Bikini Bandits was tipped by the Times as the hottest ticket of last year's Raindance and picked up by MTV for an Xmas day screening. Director Steven Grasse on bullets and tits and selling out.
The really unusual (some would say disgusting) thing about the Bikini Bandits was that it was conceived not as art, but as a marketing concept. I knew that if we created this 'thing' we could create a whole brand around it. Which explains why there is no plot whatsoever. The plot was irrelevant. It just needed to be an open-ended vibe, a feeling, a thing people wanted to take part of. Of course, this is what I say now. The truth was closer to the fact that we didn't have the talent to come up with a coherent screenplay. We also didn't have the time or money to make a more traditional movie.
Seriously. Though, I own a surprisingly successful advertising agency here in Philadelphia called Gyro. So I know more than most about these things. I read an article once about the birth of Def Leppard. Before there was even a band, the dude had posters, t-shirts, everything. He even printed up fake ticket stubs for shows that never happened. But before long, people started believing Def Leppard was real talk about putting the cart before the horse. Def Leppard is precisely what the inspiration was with the Bikini Bandits 'If you build it, they will come.'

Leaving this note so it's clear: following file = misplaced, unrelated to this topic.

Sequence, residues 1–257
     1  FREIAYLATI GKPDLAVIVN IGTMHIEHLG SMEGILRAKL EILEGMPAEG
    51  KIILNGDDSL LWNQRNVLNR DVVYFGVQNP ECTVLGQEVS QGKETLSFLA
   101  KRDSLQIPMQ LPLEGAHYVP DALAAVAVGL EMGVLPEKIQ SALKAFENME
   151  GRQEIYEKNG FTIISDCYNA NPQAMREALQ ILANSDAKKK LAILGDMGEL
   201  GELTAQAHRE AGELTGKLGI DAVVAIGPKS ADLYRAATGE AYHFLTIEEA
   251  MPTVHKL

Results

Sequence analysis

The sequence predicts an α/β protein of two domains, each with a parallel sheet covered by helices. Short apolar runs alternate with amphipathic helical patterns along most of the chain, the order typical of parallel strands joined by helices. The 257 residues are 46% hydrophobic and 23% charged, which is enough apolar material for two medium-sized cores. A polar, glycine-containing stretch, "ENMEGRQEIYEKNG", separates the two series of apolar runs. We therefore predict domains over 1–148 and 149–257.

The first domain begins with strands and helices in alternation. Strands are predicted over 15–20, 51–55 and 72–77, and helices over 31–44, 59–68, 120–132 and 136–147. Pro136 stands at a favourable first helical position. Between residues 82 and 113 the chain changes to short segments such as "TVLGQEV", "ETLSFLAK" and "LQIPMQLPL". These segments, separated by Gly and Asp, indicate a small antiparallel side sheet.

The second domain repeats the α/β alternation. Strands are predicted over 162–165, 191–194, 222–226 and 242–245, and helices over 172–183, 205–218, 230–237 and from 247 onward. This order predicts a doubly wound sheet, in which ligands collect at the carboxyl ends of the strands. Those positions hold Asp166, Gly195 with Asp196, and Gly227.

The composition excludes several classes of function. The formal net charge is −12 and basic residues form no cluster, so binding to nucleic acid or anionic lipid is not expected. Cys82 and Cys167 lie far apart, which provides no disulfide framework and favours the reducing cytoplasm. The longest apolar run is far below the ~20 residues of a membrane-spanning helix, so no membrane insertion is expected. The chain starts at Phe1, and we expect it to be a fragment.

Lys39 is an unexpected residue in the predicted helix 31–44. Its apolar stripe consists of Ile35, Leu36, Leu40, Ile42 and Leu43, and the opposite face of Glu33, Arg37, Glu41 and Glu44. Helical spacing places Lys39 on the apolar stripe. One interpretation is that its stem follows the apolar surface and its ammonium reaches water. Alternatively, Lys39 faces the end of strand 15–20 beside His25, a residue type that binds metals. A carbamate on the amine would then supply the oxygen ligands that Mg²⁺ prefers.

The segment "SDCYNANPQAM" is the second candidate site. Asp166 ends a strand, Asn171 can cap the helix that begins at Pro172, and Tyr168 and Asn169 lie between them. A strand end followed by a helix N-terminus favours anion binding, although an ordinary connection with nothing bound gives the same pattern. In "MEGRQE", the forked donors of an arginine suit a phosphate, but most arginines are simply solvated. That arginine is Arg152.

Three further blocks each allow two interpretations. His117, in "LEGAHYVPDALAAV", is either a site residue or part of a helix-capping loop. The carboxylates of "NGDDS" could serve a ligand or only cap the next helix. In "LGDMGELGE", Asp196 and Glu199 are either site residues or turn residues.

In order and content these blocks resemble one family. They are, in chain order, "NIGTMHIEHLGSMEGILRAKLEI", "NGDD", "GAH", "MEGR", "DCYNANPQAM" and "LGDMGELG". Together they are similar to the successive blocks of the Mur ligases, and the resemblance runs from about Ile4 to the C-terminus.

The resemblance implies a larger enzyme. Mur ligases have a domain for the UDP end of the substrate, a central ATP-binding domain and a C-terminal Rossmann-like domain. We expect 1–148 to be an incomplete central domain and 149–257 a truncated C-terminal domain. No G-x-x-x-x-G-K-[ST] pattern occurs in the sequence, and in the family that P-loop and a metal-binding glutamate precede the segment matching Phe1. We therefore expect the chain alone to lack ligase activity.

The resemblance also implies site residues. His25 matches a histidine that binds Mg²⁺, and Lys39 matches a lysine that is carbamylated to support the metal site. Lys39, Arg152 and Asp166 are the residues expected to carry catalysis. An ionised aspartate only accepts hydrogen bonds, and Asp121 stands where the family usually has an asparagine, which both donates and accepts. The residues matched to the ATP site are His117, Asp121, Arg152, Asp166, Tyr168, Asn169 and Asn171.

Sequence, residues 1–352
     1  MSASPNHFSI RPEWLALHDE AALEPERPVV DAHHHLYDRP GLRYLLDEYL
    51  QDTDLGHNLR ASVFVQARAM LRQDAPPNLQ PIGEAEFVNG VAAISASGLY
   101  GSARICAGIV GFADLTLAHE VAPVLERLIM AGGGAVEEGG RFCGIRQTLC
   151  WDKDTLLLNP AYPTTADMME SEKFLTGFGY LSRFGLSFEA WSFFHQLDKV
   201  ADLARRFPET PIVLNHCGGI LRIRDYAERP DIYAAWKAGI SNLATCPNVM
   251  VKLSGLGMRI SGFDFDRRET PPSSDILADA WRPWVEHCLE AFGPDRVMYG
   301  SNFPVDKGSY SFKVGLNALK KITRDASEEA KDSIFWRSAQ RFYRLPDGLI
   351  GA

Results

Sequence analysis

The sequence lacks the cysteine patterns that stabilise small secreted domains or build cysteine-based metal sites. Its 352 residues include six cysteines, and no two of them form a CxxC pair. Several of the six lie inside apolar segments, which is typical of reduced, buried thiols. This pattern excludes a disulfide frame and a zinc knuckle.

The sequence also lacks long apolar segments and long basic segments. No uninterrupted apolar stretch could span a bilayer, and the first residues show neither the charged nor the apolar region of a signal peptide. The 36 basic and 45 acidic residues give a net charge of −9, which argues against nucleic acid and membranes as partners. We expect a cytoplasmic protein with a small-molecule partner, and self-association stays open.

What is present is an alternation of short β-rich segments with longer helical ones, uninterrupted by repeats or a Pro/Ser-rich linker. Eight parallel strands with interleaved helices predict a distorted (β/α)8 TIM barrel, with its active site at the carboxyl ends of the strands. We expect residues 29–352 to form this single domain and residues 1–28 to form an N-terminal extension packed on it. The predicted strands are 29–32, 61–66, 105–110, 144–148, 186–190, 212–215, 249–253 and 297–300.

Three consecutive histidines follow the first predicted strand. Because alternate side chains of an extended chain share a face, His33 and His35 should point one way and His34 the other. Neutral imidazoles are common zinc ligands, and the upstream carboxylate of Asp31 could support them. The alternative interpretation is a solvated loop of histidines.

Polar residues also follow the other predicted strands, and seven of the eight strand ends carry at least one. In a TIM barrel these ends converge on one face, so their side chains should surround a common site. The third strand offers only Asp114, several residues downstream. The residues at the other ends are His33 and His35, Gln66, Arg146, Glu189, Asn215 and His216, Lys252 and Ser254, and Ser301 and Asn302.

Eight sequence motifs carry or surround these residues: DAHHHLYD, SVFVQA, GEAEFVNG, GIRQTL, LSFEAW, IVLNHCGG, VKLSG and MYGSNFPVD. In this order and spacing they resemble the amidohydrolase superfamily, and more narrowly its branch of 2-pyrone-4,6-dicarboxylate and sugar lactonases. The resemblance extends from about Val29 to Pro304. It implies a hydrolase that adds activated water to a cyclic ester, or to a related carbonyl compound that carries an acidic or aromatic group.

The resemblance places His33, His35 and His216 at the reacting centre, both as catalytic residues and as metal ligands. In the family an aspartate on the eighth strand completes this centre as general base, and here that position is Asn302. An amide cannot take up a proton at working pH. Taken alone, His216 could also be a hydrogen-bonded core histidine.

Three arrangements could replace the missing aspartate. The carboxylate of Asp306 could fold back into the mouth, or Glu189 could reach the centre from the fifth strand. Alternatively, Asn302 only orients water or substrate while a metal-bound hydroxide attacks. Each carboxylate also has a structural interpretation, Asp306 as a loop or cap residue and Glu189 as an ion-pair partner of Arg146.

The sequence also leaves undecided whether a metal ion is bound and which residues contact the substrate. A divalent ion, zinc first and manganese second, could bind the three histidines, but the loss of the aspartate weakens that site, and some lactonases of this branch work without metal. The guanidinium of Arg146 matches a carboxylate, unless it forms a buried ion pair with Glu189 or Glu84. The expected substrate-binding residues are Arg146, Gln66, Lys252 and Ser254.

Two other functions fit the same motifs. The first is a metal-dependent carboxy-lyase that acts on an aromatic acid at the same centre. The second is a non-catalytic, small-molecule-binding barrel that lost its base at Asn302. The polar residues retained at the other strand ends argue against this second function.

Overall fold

We launched the g-mart store and the g-mart line of clothing at the same time as the first Bikini Bandits short film. So right away fans had a whole world they could step into.
We also threw fantastic Bikini Bandits parties all over the world. This was done primarily so fans could come inside and experience the world of Bikini Bandits and g-mart for themselves.
What we're doing here is creating a loyal market for out line of products.
And, as independent filmmakers, we're protecting ourselves from the normal bullshit that befalls us. For instance, when The Bikini Bandits Experience DVD comes out in the states this summer, we don't really expect to make much money on it. Why? Because it won't sell well? No, we expect it to sell buttloads. We expect to be screwed by Hollywood accounting but that's okay. Each DVD sold will help sell g-mart clothing and merchandise, and the clothing line is something we entirely control the distribution and profit of.
Think about it, the Bikini Bandits films are nothing more than extended infomercials for g-mart. The performance art aspect of the whole thing is that it's an ad you pay to watch. So some pimply-faced fourteen-year-old buys the DVD and watches it with his pimply-faced friends, then they immediately go online and load up with g-mart merchandise.
So, should you all feel duped by our crass commercialism? No. not at all. Our brand of blatant commercialism is, in its own way, a sort of postmodern Warholian performance art piece. What really cracks me up is that we've managed to convince Atom Films to pay for all seven of the Bikini Bandits films (g-mart commercials). We've managed to secure a big time Hollywood agent (United Talent Agent). And, we have two big ass Hollywood production companies fighting it out to make a big ass big budget Hollywood Bikini Bandits Movie.
That, my friends, is art.